2019 Early Retirement Journey Updates and Reports

Single Girl Money | March 2019 Financial Update

In case you’re just joining us, here’s a little bit about me.  I currently work as a consultant in a tele-health call center making around $40+/hr. I started my professional life in 2015 at the ripe ole age of 31 after a few false starts. I spent 2016 paying off about $10,000 worth of credit card debt. I spent 2017 paying off about $20,000 in private student loans; I still have about $300,000 in federal student loans for which I am currently on an income-based repayment plan for the next 25 years, give or take.  I started really getting into savings and investing late 2018 when I stumbled upon the FIRE (financial independence, retire early) community.  I initially thought about saving for a 10 year sabbatical and soon realized with compound interest, I could make the journey to early retirement.  Along this journey, I give all sorts of updates, just like this one.

This is my March 2019 Financial Update. Calculations accurate as of 3/22/19. In case you missed it: here’s my last financial update.

Let’s quickly recall some working budget items:

2019 Savings target: $45,000/yr

2019 Spending target: $26,000/yr ($2167/mon)



My income is from my day job. No side hustles this year, thus far. The slight increase in March was due to our annual bonus.

Total Take Home (YTD): $15,768


Reminder. Target Spending: $2,167/mon

Actual Expenses (YTD): $9,651 (avg. $3,217/mon)

Jan 2019: $2346

Feb 2019: $5076

Mar 2019 : $2229


It has been a spendy three months so far. Honestly, after seeing money I contributed to my investment account just vanish at the end of 2018, I got a little generous with my spending. That was coupled with wow, I really did a good job tracking my expenses and socking some real money away! I attribute the wow to just tracking my expenses in general. It was refreshing to see the actual numbers. I am grateful for honest work!

Then I happened to be turning 35 in March. So I decided to re-challenge myself with travel. It’s the only thing I could think of to buy that would at least be tangible (in the form of pictures). I’m not sure how much I enjoy travelling, but it’s what all the young kids are doing… So far, I’ve spent about $3,000 in travel expenses (listed as Extras in the chart). I tried to travel hack using credit-cards with mild success. I think it’s too much for me to keep track of at this particular juncture in my life especially if I’m not entirely convinced budget travel is for me. If I’m going on vacation (i.e. leaving my apartment), I want a private jet and concierge everything! I don’t have the budget for that even with some clever travel points.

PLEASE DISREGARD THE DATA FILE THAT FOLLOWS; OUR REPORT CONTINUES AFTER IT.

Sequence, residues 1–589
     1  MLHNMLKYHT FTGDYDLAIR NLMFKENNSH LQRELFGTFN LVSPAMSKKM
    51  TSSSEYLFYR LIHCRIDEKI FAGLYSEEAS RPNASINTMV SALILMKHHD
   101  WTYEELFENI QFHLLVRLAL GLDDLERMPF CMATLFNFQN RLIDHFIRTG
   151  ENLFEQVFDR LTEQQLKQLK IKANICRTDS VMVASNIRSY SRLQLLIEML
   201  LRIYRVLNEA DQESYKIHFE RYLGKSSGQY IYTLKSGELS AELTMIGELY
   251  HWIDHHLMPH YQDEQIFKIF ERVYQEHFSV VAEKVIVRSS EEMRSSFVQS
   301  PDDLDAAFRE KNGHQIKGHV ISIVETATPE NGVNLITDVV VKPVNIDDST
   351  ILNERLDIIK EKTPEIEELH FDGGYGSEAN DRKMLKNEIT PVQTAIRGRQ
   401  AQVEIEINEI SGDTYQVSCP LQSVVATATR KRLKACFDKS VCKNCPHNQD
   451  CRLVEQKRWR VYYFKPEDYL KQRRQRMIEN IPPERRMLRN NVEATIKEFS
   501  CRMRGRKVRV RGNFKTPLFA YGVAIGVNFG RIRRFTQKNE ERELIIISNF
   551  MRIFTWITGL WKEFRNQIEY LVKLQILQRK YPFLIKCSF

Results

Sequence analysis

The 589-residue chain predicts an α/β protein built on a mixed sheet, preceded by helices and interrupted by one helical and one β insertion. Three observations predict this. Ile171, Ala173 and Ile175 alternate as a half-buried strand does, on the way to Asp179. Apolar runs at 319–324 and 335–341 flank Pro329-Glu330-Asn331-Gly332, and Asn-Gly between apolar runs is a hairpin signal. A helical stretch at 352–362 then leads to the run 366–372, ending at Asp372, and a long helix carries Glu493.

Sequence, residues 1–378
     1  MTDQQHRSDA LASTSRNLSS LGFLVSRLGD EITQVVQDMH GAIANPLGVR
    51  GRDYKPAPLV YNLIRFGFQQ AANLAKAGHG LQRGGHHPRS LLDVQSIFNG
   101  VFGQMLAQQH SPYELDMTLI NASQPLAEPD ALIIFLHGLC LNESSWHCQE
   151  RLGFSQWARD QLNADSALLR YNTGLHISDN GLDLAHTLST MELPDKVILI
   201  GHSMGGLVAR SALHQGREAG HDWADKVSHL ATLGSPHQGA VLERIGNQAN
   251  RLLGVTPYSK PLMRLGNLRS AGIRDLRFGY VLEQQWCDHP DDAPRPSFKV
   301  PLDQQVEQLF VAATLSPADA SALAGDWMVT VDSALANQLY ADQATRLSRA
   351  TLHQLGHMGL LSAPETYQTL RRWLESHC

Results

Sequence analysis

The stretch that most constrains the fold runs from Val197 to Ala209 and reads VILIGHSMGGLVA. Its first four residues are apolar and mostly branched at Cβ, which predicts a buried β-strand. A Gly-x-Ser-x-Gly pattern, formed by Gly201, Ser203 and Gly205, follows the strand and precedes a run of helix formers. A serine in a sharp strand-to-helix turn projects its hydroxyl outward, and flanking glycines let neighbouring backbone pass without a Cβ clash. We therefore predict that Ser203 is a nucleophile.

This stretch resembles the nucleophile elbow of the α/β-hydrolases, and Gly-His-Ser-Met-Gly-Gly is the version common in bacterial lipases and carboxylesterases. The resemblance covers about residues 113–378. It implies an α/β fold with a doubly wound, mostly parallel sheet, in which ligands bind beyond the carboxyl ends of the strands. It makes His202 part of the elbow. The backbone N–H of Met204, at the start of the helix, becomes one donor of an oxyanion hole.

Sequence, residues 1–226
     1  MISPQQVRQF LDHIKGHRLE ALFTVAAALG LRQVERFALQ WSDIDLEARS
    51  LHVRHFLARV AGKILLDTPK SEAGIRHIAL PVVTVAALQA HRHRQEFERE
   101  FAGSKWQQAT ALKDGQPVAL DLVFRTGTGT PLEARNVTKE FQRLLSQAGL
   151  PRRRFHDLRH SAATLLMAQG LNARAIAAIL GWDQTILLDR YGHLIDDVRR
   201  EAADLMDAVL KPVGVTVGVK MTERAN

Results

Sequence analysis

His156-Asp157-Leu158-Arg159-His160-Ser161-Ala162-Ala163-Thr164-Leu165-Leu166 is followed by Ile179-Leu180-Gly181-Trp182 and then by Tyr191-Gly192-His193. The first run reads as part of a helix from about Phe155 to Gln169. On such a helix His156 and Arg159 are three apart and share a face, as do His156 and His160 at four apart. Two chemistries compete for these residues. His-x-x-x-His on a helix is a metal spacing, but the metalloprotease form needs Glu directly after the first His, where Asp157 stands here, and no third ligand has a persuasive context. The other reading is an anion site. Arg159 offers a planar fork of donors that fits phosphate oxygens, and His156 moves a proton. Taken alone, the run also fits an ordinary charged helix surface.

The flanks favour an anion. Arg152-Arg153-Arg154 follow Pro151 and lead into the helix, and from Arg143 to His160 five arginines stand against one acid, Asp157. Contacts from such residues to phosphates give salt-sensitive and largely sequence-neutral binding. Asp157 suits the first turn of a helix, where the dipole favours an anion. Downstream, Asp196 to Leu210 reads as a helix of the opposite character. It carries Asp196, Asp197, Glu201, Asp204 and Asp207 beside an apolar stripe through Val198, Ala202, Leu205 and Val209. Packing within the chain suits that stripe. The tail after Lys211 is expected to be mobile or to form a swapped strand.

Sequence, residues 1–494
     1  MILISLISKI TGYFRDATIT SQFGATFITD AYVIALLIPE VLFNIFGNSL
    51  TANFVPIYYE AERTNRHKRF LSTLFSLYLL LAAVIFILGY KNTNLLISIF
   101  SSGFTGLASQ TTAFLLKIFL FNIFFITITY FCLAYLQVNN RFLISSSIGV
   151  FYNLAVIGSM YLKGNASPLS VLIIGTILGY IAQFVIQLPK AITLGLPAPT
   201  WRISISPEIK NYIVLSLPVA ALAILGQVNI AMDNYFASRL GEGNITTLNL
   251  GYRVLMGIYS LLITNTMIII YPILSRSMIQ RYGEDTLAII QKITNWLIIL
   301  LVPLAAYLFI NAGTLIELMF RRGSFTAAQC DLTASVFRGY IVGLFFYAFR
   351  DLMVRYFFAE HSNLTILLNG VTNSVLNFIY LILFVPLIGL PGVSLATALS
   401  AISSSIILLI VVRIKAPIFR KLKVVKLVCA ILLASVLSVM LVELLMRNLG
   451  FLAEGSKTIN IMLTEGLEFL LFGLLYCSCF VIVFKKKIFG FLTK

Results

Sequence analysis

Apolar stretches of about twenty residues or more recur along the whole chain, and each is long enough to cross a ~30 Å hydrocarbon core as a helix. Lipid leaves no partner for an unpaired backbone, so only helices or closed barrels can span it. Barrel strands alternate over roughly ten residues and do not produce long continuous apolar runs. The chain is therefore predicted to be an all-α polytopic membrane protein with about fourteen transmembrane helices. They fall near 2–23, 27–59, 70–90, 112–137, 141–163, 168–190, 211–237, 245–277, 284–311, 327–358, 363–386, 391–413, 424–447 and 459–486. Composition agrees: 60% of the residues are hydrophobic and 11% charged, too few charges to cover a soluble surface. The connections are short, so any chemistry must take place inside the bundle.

The other hefty weight in my expenses this quarter was some physical therapy appointments at $40 copay each visit. I’m still not back to normal after my surgery a year ago.

Otherwise, everything else is more or less on target. This year, I streamlined my categories after getting a feel of what exactly my big categories were.



I generally try to keep six months to a year’s worth of expenses in a regular savings account using CDs. As of Jan 2019, I’ve been able to maintain that for at least one year thus far. So the majority of income not earmarked for expenses goes straight to my investment accounts.


For most of 2018, I was at 90/10 stock/bond allocation. After the losses experienced at the end of 2018, I got scared and moved toward a 68/32 stock/bond allocation. I’m still learning.

For 2019, I hope to contribute the maximum to my pre-tax 401k and reach my savings target with the rest in post-tax savings ($26,000) via a traditional savings account and a brokerage account.

Post-Tax Savings (YTD): $6,018


As I mentioned, my investment strategy is pretty simple. I aim to max out my 401k and have auto-deposits three times a month from my bank to my broker. So far this year, I will admit it has been a little tight. It’s the first time in three years I’ve had to move money from my savings into my checking to cover my monthly expenses. I think my savings goal might be a little too ambitious. I’ll give it another quarter and see. If things are still tight, I may ease up on my auto-deposits and allow more of my net pay to be funneled toward regular checking/savings.

Thank you for reading! Thank you for joining my journey. Add comments or questions in the box below. Remember to subscribe for more updates!

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  1. It’s great that you were able to pay off your debt and now have a plan in place to reach FIRE. Keep it up!

    1. Thanks! It’s quite the journey 🙂

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